The rustle of the underbrush as something scurried through it… the rattle of branches as a bird took flight… the snap of a twig directly behind her…

Applejack glanced behind her, just to be sure, only to have the culprit blink at her.

“What?” asked Rainbow, head cocked to one side slightly. She said it a little defensively, too, since she was perfectly aware of who had stepped on that twig.

She walked just a few steps back, her wings restless and prone to unfurling almost absently, but she kept her eyes forward, down the winding game trail they followed. She was putting up a front, Applejack could tell; even the brazen mare didn’t like being in the Everfree if she could help it. The claustrophobia of the forest probably wasn’t doing any favors for the winged mare, either.

But neither felt much like engaging the other over their sense of unease. To do so meant admitting they were nervous in the first place, and their prides would stoop to no such level.

So what if that gap in a nearby bush looked like a Timber Wolf muzzle? So what if they could have sworn they caught a whiff of the choking stench of a hydra? It wasn’t like they were nervous or anything.

Maybe just a little bit, but neither would ever admit to such a thing.

Focus, Applejack, she thought to herself, and frowned with concentration. Sooner or later, Rainbow was going to lose her temper if Applejack kept shooting her looks after every sound she made.

She pinned her eyes back on the trail they were following; a familiar one, one she’d used many a time whenever duty called her into the forest. Calling it the safest option they had might be a bit of a misnomer, since the only ‘safety’ afforded to them was familiarity. That wouldn’t account for much if they wandered headlong into a roving timber wolf pack.

A faint rustle in the bush ahead of them – a chipmunk scampering for cover, perhaps. Wind rattled the bare branches over their heads, though the air on the forest floor remained motionless. The feel of –

“What’s that?”

Applejack about jumped out of her skin at Agave’s innocent question. Rainbow was quicker to spin around, apparently having been jarred just as bad as she was.

Agave was only half a step behind Rainbow, wearing a look of simple curiosity as she pointed off to one side.

Rainbow followed where she was pointing, and wrinkled her muzzle. “Er, yeah… pretty sure that’s Poison Joke. Uh, don’t touch it.”

Agave stared at the small flower bed as they passed. “But they’re really pretty…”

“Trust me,” Rainbow said dourly. “The last thing we need is you growing ten feet tall or something.”

After that, Agave didn’t look nearly as fascinated with the curly-leafed blue flowers.

The walked in silence for a few minutes more, when suddenly –

“Oh, what’s that?” piped up Agave again, pointing to something overhead.

Applejack looked up this time, a trace of exasperation nipping at her – only to turn instantly to shock when she found two huge, perfectly round eyes staring right back at her from above. “…Pretty sure that’s just an owl,” Applejack mumbled after taking in the rest of the body that glare was attached to.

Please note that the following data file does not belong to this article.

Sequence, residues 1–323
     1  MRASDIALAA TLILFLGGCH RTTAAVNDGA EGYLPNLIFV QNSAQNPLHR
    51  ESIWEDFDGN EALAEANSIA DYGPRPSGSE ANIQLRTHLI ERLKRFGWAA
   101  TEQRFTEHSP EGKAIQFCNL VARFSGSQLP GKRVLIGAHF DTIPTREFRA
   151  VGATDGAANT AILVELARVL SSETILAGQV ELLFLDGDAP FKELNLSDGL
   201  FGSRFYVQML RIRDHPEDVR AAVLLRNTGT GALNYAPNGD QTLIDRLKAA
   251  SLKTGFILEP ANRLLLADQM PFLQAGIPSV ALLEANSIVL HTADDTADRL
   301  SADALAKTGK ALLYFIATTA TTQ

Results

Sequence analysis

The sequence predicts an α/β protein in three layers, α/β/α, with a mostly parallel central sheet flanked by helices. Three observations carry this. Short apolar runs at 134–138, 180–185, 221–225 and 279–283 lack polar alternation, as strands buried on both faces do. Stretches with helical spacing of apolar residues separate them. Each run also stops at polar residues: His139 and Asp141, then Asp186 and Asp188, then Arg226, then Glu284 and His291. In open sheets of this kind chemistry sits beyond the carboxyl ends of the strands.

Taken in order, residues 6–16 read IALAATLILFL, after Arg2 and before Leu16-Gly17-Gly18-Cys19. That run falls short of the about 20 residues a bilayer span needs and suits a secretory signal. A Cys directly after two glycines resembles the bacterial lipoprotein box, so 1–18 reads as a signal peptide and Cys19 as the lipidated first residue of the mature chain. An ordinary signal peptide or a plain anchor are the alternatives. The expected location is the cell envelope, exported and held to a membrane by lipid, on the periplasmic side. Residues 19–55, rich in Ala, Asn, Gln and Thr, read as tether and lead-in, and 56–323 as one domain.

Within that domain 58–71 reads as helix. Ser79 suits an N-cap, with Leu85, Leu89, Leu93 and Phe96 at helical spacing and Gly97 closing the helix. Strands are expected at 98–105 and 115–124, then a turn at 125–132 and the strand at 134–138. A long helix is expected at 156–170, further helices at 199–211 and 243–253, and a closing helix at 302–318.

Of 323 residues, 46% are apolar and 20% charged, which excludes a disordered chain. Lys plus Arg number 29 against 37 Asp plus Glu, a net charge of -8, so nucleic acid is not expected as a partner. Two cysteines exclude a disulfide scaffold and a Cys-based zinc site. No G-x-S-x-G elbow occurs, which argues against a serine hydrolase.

The screech owl just sat on its perch, staring accusingly at the trio with huge steely eyes. The fact that it hardly moved and didn’t utter so much as a peep as they drew near unnerved Applejack. After all, in the Everfree, it rarely was the noisy inhabitants one had to worry about.

And yet, this entire concept seemed to be utterly lost on Agave. She looked at her, looking totally lost. “What’s an owl? I’ve never seen one before.”

That question stumped Applejack. “Guess they don’t have ‘em in the south,” she noted.

Agave shook her head. “No. I did read a story about birds by the coast that hunt “w-hales”, whatever those are. Ooo, does Equestria have terrordactyls, too?”

Both Applejack and Rainbow exchanged horrified looks when she wasn’t looking. What exactly did one say to that?

“Er… no,” Rainbow finally got out around the lump in her throat. “Pretty sure we don’t.”

Agave didn’t seem terribly put off by that. She just watched the owl until they’d passed, her eyes glittering with wonder. “Are there a lot of owls in Equestria? They look so cute.”

Rainbow gave Applejack an incredulous look while saying to Agave, “Uh… yeah, I suppose. Twilight kinda adopted one as a pet.”

That got her attention. “You can have owls as pets?” she asked, suddenly very intense.

Rainbow mouthed “wow” at Applejack, who had to keep her own grin in check, before saying, “Well yeah. You can have all sorts of animals as pets. Applejack’s got Winona, Pinkie’s got Gummy… I even have one.”

“You do? Is it fun? What’s your pet called? Can I see it?”

Rainbow chuckled a little. Agave sounded like this was all vitally important information to her future wellbeing. “Look, when we get through this, I’ll take you to Fluttershy’s place. I get the feeling the two of you will get along great.”

After that, Agave could barely sit still.

With her distracted by images of adorable animals and whatever activities they’d get up to together, Rainbow turned back towards Applejack.


“So…?” Applejack echoed, raising an eyebrow at her without turning away from the road.

Something in Rainbow’s expression shifted – an edge of uncertainty crept in that was in danger of looking like actual worry. “You sure Zecora will know something? Cuz… we’re kinda up the creek without a paddle if not.”